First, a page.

Rideau Canal, Walking


Ottawa Tourism is committed to showcasing accessible travel options so all tourists can enjoy the many incredible experiences Canada’s Capital City has to offer. 

Getting to and from Ottawa 

Ottawa International Airport (YOW) is RHF Accessibility Certified Gold by the Rick Hansen Foundation. The Airport Authority is committed to providing a safe, dignified and welcoming environment for everyone. Find out more about the airport’s commitment to accessibility and features including accessible parking, washrooms, wheelchair and mobility assistance and services for people with visual or hearing impairments. 

The airport has adopted the Sunflower Program that allows individuals with a hidden disability to voluntarily share that they may need a little extra help, time and understanding while at the airport. Travelers can request a Sunflower lanyard at the Traveler’s Aid desk in either terminal or ticket counter. 

Public transportation 

Check out the Getting around page, which highlights a few ways to get around the city to help you experience and explore all that Ottawa has to offer. This is where you’ll find out what you need to know on accessibility in Ottawa. OC Transpo buses and the O-Train are fully accessible and include allocated spaces for customers using assistive or mobility devices. 

Para Transpo is OC Transpo’s shared-ride, book-in-advance service for eligible customers who are unable to take conventional transit due to a disability. Visitors who are eligible for specialized transit in their community can request temporary access. Read more on visitor eligibility and how to use this service.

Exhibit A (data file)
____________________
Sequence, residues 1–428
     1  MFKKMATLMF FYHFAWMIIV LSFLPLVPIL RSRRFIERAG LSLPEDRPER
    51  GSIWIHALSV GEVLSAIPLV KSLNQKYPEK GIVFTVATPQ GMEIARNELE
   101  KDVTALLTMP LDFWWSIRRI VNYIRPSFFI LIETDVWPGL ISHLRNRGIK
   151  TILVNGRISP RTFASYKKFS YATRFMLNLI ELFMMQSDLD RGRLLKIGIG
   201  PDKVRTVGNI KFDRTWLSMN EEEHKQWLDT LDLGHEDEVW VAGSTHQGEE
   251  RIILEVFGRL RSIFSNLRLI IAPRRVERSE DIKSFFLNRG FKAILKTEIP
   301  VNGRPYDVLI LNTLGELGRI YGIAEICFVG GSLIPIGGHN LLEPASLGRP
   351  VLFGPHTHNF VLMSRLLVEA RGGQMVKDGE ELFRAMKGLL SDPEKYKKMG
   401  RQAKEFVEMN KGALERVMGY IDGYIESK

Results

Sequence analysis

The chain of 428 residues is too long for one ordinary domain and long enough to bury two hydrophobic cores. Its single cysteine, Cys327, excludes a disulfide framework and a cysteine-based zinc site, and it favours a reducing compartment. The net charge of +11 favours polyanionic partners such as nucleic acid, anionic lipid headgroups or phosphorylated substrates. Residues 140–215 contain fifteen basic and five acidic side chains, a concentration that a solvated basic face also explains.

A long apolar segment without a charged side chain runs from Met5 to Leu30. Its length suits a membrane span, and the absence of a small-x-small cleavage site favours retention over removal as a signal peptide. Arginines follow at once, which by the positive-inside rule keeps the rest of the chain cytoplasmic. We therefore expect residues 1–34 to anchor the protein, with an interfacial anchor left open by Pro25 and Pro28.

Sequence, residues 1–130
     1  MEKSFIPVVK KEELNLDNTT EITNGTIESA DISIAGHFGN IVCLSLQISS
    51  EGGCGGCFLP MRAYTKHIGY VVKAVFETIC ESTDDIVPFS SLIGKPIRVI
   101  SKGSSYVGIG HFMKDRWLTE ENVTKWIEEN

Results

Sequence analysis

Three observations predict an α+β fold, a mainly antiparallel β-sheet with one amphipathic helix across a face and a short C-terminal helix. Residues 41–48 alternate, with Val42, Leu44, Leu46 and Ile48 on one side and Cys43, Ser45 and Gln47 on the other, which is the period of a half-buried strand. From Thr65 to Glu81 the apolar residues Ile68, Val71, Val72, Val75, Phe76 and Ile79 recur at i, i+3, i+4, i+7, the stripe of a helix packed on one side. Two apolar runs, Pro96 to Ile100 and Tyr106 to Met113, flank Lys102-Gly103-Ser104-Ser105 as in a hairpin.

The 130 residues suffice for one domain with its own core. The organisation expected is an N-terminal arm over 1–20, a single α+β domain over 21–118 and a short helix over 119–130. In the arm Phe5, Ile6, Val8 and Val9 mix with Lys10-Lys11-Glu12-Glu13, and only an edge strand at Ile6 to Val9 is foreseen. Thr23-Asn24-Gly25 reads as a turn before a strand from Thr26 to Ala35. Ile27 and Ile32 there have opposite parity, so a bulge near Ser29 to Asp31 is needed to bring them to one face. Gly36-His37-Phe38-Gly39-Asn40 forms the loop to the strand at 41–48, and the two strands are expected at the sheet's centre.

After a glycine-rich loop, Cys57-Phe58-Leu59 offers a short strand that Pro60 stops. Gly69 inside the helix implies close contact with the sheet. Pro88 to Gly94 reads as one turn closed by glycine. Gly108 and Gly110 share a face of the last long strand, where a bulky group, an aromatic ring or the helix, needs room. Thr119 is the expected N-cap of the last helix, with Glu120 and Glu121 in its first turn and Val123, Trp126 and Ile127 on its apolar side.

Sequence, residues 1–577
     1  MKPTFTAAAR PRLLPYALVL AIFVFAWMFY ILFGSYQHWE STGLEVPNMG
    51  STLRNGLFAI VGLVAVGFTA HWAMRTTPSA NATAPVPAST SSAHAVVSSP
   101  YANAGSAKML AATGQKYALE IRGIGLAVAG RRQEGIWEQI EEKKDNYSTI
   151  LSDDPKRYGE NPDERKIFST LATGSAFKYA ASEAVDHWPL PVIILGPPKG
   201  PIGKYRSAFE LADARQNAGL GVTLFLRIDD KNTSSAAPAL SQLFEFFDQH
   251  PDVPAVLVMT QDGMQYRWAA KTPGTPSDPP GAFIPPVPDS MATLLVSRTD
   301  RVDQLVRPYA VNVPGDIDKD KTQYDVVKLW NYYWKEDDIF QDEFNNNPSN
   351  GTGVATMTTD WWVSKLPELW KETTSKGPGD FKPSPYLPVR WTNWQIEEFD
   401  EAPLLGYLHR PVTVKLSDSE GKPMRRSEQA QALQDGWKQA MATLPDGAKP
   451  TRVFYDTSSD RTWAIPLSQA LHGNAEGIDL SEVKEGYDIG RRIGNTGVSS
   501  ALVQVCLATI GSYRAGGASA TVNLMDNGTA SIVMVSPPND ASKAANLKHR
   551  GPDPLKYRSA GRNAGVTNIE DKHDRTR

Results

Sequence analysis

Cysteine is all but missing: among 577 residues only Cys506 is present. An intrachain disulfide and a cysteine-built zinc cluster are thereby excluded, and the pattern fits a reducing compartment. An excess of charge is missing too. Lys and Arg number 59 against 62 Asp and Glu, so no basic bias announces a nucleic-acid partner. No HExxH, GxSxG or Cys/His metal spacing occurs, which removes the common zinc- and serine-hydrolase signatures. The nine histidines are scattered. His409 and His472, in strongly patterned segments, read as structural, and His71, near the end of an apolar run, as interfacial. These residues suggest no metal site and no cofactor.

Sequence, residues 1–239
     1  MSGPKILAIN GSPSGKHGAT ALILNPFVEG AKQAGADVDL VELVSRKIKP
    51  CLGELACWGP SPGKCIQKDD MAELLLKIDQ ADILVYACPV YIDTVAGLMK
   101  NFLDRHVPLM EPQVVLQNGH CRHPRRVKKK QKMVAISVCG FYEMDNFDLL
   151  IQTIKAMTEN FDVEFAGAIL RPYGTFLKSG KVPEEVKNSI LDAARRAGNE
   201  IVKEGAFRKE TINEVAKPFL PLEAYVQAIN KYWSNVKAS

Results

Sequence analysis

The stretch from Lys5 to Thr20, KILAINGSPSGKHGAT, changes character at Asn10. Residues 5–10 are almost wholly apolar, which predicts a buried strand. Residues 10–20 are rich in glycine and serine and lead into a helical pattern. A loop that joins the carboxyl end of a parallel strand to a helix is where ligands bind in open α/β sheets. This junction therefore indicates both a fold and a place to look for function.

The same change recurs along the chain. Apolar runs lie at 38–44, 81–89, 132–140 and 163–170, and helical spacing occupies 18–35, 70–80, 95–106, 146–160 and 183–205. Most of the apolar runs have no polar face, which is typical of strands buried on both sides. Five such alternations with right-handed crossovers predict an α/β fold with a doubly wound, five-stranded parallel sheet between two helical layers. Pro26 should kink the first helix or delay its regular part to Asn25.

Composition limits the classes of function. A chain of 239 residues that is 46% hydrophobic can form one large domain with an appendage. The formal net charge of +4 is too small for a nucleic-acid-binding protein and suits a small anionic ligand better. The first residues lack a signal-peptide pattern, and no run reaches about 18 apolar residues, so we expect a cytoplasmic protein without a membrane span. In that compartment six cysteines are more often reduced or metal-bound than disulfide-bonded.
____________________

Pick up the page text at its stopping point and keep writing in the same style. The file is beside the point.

Driving and parking 

Most car rental companies can provide accessible vehicles provided the request is made in advance. Visit The Airport Authority’s full list of car rental companies with an outline of their accessibility features. 

Drivers and/or passengers who have a valid Ontario Accessible Parking Permit (which must be clearly displayed within the vehicle) are entitled to special parking privileges. Visit the City of Ottawa’s Parking permits webpage for information. 

Where to stay 

The Where to stay page includes a full list of the Ottawa Tourism accommodation partners and their locations. When booking your stay, click the ‘Amenities’ menu to choose the features you’re looking for in your accessible room and see if the hotel is certified by the Rick Hansen Foundation Accessible Tourism Certification. 

What to see and do 

AccessNow and Wheel Map both provide interactive maps with a full list of businesses, from restaurants to hotels to attractions, with information on their accessibility. 

All national museums in Ottawa as well as the National Arts Centre are barrier-free, and the Canada Science and Technology Museum is RHF Accessibility Certified Gold

Parliament facilities are accessible to wheelchairs and service animals, and tours with American Sign Language (ASL) or Langue des signes québécoise (LSQ) interpretation can be requested. Take a look at the Plan Your Visit page for information and to make arrangements. 

Miracle League of Ottawa is a fully accessible and inclusive outdoor recreational facility offering both competitive and recreational baseball programming for children and young adults, recreational, co-ed and inclusive wheelchair softball and all ages Beep Kickball (blind soccer-baseball).

Outdoor Access 

Ottawa offers an abundance of outdoor pathways that are accessible to all. The UNESCO Heritage Site Rideau Canal offers two lanes of pathways that are accessible from various points in the city’s core.  

Three of Ottawa’s beaches are accessible by wheelchairs throughout the summer. Learn more here. 

Stay up to date

Stay up to date on upcoming events and ideas to plan your next trip to Ottawa with friends, family or on your own by signing up for the Ottawa Tourism Newsletter.